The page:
In Focus, Bangkok Photography Blog May 16th, 2009

Death Railway Museum/Bracing The Camera

Egypt Hotel Guide
Flamenco Beach Resort
Ramada Ras Sudr Resort
Sheraton Soma Bay Resort
Morgenland Hotel St Catherine


Feature Photograph

This week's photograph was captured at Wat Rong Khun in Chiang Rai. I’ll cover this contemporary and unconventional Buddhist temple in-depth in a future outing section, but this week I wanted to share with you this particular image. This was taken at the head of the small semi-circle before the bridge which stands for the human world. Right before crossing over the bridge with fangs which is the mouth of Rahu, which is a representation of hell or suffering. I think, this display is a visual representation of human suffering.

This image is significant for what it represents. Throughout South East Asia’s history there has been much suffering. Everyone remembers the Vietnam War and the Killing Fields and the genocide committed by the Khmer Rouge during the “purging” which began in 1975. And lets not forget the invasion(s) of Siam by Burma in 1765-1767 or Siam’s invasion of Laos (1778 and 1792), Cambodia (1769 and 1782), or Vietnam (1784-1785). There has been enough bloodshed in SEA to upset the Lord Buddha many times over.

The screaming skull and hands reaching up to drag him to hell represents a powerful image. I like the way the skull is in critically sharp focus in the foreground and the hands slightly defocused in the background. Anyone notice the red painted fingernail?

This is an interesting temple and although I did a terrible job of capturing its beauty I still plan on sharing it soon.

All around the temple is beautiful Chiang Rai countryside. While I was very disappointed with my shooting of the temple, which is the reason I made this long journey, I was more than pleased with the landscape images I captured along the way. Sometimes it works out like that. When we arrived at the temple the sun was high overhead, the heat extreme, and the photographic opportunities of the temple weakened. But along the long drive the sun played through the trees and fields providing many great opportunities for those willing to see, stop, and compose an image.

This image works a lot better when its bigger, but it’s still striking at any size. The naturally deep saturation of the flowers on the tree, the varying side lighting coming through the trees, and the lake in the background. The dynamic range of this image is more extreme than it looks. I bracketed for six different exposures hoping to capture it this way and only one came close.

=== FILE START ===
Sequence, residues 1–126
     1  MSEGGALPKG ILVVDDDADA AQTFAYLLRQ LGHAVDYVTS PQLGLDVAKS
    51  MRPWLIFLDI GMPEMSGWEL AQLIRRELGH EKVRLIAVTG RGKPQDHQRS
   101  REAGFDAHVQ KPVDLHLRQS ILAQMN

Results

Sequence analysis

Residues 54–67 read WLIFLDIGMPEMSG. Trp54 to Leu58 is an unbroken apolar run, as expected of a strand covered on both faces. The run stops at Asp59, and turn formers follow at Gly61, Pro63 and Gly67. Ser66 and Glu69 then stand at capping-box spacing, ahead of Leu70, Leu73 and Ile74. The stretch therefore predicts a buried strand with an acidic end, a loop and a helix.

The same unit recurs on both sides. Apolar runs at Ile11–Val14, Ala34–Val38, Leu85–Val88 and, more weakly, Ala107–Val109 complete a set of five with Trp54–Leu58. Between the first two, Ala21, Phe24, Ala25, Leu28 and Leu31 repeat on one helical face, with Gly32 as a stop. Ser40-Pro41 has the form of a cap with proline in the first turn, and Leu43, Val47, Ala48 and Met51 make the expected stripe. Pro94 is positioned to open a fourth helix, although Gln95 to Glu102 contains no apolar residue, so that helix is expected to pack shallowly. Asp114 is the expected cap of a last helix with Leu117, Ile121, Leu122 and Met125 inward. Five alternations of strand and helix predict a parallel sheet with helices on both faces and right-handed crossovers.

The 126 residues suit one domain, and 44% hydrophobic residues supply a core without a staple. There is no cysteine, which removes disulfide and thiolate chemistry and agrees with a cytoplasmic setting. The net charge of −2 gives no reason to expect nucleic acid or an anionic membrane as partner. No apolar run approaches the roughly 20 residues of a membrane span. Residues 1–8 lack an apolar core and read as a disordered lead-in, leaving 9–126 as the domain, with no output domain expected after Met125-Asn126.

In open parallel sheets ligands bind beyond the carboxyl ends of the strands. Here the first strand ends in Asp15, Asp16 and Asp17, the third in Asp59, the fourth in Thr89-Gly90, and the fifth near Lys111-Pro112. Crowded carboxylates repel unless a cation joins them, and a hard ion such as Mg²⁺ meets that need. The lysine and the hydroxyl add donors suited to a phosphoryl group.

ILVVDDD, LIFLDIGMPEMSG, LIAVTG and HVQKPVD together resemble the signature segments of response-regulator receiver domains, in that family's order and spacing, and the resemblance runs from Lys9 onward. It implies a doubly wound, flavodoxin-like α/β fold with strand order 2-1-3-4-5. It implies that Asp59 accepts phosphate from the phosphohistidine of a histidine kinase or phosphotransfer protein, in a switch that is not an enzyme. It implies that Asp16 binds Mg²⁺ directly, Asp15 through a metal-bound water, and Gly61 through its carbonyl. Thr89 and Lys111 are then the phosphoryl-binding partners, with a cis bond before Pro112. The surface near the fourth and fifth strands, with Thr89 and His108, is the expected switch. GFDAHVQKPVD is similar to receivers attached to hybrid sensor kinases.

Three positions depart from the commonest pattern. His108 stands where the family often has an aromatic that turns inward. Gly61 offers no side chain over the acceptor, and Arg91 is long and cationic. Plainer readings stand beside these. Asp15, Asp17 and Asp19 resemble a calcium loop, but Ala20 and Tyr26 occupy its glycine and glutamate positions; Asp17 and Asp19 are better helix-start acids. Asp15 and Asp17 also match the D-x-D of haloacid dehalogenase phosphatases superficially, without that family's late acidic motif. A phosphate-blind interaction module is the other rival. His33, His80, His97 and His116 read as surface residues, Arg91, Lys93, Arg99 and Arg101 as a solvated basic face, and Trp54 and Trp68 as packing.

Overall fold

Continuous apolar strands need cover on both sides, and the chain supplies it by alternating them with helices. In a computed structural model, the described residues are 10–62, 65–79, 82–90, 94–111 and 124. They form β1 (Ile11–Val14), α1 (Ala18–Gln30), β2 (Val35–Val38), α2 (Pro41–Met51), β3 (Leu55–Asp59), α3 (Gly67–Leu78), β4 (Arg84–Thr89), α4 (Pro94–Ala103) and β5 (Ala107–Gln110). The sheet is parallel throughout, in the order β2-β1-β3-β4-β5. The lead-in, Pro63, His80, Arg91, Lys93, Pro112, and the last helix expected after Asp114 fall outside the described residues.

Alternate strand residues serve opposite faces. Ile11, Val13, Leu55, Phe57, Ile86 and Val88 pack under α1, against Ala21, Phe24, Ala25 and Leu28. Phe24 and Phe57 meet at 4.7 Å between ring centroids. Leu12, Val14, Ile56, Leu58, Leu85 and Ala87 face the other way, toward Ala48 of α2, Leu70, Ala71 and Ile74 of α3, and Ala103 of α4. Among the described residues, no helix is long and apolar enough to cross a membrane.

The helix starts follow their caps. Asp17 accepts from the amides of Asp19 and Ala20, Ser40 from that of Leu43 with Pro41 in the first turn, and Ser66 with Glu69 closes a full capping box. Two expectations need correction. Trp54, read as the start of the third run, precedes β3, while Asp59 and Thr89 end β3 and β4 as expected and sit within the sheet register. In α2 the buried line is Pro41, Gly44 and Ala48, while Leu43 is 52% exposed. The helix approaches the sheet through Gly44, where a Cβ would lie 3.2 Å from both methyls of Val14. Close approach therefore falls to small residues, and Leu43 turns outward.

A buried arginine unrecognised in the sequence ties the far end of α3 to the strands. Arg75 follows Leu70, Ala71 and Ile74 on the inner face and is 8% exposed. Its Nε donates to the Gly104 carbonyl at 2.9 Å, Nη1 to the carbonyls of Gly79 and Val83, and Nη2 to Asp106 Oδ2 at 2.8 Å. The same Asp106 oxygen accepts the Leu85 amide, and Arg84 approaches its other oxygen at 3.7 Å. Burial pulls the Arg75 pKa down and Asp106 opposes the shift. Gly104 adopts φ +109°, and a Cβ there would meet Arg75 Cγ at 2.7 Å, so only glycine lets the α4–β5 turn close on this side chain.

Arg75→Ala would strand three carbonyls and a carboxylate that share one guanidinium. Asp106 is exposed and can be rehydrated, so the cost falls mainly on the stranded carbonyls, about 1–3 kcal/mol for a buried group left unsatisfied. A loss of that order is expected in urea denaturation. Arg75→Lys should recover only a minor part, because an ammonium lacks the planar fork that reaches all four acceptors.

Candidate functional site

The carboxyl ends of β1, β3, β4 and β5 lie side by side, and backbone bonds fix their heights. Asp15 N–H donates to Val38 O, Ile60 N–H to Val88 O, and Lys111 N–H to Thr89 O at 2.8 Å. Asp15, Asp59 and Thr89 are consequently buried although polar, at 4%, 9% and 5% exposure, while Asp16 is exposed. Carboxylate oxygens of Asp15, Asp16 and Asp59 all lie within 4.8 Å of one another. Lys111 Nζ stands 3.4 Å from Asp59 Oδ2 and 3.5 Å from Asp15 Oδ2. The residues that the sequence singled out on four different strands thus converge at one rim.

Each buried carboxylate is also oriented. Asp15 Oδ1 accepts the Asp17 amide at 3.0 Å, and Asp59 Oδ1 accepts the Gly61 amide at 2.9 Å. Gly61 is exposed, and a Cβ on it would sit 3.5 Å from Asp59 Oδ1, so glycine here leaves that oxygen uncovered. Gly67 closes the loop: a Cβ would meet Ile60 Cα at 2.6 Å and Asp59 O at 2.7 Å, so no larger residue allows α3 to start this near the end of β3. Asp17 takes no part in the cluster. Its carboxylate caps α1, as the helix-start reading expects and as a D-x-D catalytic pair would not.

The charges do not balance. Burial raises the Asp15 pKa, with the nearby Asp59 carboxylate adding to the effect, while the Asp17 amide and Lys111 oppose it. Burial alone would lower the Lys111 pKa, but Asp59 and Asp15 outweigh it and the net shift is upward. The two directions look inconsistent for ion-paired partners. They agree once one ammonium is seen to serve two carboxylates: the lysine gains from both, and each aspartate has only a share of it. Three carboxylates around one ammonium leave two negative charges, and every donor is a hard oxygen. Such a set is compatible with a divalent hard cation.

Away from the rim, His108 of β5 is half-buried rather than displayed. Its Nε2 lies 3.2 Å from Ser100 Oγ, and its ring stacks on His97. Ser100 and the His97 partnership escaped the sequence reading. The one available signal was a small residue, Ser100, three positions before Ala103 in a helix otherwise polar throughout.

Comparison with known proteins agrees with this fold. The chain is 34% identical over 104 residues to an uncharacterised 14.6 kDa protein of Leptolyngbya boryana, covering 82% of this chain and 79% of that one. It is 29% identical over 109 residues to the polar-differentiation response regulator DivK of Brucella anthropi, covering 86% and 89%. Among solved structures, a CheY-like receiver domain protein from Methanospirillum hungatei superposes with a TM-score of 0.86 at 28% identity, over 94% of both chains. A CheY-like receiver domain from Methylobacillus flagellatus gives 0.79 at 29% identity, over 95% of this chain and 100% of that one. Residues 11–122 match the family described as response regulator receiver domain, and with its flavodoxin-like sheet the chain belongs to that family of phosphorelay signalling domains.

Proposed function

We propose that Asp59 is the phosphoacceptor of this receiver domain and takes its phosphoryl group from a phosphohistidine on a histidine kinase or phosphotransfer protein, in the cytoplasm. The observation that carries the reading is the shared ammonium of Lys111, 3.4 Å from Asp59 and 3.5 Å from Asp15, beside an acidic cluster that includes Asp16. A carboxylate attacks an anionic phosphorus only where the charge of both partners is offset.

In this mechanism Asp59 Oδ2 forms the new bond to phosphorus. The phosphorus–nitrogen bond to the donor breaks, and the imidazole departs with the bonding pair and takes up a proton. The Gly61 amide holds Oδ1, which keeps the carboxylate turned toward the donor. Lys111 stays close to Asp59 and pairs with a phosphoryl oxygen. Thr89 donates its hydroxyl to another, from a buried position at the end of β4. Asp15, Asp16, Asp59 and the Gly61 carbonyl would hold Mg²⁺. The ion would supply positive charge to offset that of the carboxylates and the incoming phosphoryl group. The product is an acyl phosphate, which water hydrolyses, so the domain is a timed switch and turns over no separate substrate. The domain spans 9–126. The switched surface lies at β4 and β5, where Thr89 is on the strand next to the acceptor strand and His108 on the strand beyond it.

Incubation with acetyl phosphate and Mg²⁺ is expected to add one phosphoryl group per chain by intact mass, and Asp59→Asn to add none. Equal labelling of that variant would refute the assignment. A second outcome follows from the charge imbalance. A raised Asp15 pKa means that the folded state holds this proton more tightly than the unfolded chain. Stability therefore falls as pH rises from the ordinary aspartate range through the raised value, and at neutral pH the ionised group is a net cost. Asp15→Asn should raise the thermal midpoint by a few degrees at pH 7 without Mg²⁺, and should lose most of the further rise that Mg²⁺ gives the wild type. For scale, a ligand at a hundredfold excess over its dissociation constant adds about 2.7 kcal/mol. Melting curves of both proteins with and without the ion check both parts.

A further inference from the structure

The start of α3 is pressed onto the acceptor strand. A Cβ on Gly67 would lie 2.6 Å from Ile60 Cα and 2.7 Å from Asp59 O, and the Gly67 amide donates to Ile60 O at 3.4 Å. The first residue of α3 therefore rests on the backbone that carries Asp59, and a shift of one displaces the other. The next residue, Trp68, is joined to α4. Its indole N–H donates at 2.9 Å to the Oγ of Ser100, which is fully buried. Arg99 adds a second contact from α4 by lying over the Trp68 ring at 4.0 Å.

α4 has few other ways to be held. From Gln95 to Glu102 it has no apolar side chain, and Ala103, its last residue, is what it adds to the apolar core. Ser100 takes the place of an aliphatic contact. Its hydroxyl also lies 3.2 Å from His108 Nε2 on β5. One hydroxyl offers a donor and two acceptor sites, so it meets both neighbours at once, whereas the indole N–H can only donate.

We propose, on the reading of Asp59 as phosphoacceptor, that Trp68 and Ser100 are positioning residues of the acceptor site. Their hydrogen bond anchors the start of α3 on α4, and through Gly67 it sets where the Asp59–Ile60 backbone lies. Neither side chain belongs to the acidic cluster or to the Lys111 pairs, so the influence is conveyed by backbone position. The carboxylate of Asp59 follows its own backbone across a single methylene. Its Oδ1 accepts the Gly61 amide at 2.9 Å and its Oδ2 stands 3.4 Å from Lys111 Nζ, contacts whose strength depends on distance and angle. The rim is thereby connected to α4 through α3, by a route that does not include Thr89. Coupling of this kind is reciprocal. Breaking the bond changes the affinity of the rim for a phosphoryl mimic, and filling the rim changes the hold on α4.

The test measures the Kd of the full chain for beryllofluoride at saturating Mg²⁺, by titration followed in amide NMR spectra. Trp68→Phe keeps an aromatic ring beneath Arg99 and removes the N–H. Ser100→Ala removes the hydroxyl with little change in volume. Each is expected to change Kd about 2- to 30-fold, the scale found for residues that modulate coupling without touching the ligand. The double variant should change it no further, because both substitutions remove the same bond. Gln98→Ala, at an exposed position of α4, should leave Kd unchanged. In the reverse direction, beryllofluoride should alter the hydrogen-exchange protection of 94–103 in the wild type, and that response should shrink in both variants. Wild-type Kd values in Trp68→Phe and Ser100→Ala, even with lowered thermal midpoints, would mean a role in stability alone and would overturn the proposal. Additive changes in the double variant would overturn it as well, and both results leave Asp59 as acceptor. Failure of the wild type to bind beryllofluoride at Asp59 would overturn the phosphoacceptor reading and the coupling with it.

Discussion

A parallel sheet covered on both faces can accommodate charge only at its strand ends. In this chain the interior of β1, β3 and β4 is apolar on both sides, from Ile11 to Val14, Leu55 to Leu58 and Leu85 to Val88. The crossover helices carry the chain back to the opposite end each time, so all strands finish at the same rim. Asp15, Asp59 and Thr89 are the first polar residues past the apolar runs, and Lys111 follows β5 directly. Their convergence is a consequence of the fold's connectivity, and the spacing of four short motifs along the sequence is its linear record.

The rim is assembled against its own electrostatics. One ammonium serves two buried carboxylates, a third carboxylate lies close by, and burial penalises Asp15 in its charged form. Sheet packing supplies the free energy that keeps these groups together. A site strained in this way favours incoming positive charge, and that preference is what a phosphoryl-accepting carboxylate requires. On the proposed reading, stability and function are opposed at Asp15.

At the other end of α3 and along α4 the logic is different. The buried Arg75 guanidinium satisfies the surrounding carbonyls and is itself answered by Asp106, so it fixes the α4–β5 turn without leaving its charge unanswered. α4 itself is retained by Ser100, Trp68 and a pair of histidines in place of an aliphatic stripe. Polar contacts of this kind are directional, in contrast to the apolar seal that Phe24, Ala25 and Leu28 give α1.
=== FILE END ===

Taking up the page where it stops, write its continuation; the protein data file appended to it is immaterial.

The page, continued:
Death Railway Museum and Research Centre

In the three preceding weeks we’ve visited the bridge over the River Kwae, the Chungkai War Cemetery, and the Kanchanaburi War Cemetery. This is the final installment on my trip to Kanchanaburi and the part that impacted me more than any other. The Death Railway Museum brings the entire experience together both visually and intellectually. Its here where you can learn the “where, what and why” of the Siam – Burma Railway and at the same time view displays and artifacts that help you visualize what it must have been like for the POWs over 50 years ago..

The Death Railway Museum is directly to the side of the front of the Kanchanaburi War Cemetery. You can easily walk from one to the other in just a minute or two. The building is big and modern and well marked.

Normally photographs inside the museum are forbidden. Mr. Rod Beattie the owner, curator, and research director of the museum generously offered to allow me to photograph the interior and exhibits. You can’t write enough to describe Mr. Rob Beattie. He has dedicated his life to pursing the history and preservation of everything concerning the Death Railway. He’s the caretaker of the cemeteries run by the Commonwealth, helps identify remains, and runs this museum and research center. He’s constantly in the field uncovering new artifacts and has located and marked all the work camps along the course of the railway. The care and attention to detail he’s put into this museum is amazing, especially when you consider it is for the most part, the work of a single man.